The New Zealand dollar rose about 2.5% against the Japanese yen after the Group of Seven nations announced they would intervene in the currency markets to drive the yen lower as Japan looks to deal with the effects of the devastating earthquake and Tsunami that hit the north east of the country last Friday.
Japanese authorities will buy dollar/yen in the market from 9 a.m. (12:00 a.m. GMT). Other central banks will act when their markets open, Noda said. He declined to comment on the size of Tokyo's intervention.
"When Japan is in such a state, it's extremely meaningful for G7 countries to cooperate and take coordinated action to stabilize financial markets," he said.
The rising yen has presented an extra challenge for the Japanese recovery, Karen Maley at Business Spectator wrote before the G7's decision:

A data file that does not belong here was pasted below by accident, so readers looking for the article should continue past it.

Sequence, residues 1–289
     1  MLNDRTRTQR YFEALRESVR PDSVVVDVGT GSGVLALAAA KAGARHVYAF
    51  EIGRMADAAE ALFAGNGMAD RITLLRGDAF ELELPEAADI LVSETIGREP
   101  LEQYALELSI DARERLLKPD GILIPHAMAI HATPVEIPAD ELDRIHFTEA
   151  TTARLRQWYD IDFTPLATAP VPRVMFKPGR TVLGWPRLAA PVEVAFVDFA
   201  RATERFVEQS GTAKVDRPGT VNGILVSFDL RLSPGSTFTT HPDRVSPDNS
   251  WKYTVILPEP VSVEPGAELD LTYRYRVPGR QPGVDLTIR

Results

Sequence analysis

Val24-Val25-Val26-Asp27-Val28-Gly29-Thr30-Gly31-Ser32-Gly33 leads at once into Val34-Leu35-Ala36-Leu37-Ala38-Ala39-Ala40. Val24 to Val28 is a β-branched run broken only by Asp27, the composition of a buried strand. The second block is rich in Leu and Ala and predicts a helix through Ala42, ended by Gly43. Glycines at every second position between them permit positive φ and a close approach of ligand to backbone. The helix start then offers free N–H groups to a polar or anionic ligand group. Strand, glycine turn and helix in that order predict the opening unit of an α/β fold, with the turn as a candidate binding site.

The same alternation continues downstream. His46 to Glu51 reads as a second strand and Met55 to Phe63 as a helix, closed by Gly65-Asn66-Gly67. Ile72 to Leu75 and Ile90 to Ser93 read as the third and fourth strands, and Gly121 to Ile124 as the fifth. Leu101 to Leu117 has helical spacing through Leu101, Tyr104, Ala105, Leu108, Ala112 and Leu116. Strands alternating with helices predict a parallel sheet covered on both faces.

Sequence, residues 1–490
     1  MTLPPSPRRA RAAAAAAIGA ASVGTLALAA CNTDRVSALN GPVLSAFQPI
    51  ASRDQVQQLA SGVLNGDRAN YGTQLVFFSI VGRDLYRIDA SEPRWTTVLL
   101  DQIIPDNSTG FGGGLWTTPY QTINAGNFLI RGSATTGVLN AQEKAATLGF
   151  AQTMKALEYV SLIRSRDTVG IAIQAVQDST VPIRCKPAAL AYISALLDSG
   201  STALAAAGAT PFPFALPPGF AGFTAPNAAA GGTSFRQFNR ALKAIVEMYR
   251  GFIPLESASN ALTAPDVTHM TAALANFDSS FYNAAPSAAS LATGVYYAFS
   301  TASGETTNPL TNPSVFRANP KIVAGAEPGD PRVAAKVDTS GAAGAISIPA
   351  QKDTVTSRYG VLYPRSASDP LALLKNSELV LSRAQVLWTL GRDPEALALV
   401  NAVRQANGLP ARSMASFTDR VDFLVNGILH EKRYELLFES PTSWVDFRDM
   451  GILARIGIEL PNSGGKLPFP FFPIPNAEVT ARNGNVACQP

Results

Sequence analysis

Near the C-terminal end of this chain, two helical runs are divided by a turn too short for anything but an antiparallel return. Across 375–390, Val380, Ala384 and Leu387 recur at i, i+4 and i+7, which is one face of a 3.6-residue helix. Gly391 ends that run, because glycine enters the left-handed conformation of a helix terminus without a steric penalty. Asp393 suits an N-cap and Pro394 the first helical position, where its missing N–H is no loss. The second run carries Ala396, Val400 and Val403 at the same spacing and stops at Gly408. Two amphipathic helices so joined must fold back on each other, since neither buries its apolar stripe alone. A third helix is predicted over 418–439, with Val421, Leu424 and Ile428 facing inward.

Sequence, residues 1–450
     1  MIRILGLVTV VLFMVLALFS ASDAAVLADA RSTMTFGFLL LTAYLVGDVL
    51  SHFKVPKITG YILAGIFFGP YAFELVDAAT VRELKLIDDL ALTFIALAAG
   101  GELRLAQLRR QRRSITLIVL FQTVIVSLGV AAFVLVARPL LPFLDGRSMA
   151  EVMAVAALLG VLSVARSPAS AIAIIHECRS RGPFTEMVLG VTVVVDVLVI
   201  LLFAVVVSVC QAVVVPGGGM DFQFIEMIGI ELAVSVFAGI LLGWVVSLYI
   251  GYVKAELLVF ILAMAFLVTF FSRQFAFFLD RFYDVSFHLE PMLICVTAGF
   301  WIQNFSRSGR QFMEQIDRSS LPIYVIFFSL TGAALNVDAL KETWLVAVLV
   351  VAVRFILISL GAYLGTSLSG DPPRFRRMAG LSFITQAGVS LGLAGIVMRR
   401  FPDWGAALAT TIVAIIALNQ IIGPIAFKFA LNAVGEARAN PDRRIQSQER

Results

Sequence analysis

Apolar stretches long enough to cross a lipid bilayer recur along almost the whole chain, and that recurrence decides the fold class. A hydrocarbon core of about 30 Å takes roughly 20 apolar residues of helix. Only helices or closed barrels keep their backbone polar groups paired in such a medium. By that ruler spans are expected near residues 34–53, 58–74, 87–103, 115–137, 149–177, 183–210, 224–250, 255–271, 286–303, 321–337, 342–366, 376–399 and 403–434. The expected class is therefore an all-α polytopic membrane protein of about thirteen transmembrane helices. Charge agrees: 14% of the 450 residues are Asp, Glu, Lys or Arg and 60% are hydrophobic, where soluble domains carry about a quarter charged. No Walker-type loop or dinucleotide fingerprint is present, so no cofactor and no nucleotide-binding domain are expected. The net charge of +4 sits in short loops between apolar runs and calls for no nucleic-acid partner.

This morning’s meeting comes after a tumultuous day of trading in foreign currency markets yesterday, which saw the yen surge by more than 4 per cent in less than an hour, to a record high of 76.25 yen to the US dollar.
The rise in the yen poses additional challenges to an economy that is already grappling with deflation, and which faces a contractionary shock after last Friday’s devastating earthquake and tsunami, which has disrupted electricity supplies across the country and caused many Japanese companies to temporarily halt production.
The latest rise in the currency dents the competitiveness of big Japanese corporates, which are heavily dependent on international exports, and for the Japanese sharemarket.